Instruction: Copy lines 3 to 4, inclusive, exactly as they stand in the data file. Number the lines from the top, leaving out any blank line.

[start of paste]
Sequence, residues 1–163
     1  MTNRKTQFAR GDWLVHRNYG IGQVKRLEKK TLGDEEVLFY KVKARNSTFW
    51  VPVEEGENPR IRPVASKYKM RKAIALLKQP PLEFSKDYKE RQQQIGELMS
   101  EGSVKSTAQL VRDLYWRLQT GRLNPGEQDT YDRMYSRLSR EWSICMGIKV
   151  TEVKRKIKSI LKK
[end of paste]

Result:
    51  VPVEEGENPR IRPVASKYKM RKAIALLKQP PLEFSKDYKE RQQQIGELMS
   101  EGSVKSTAQL VRDLYWRLQT GRLNPGEQDT YDRMYSRLSR EWSICMGIKV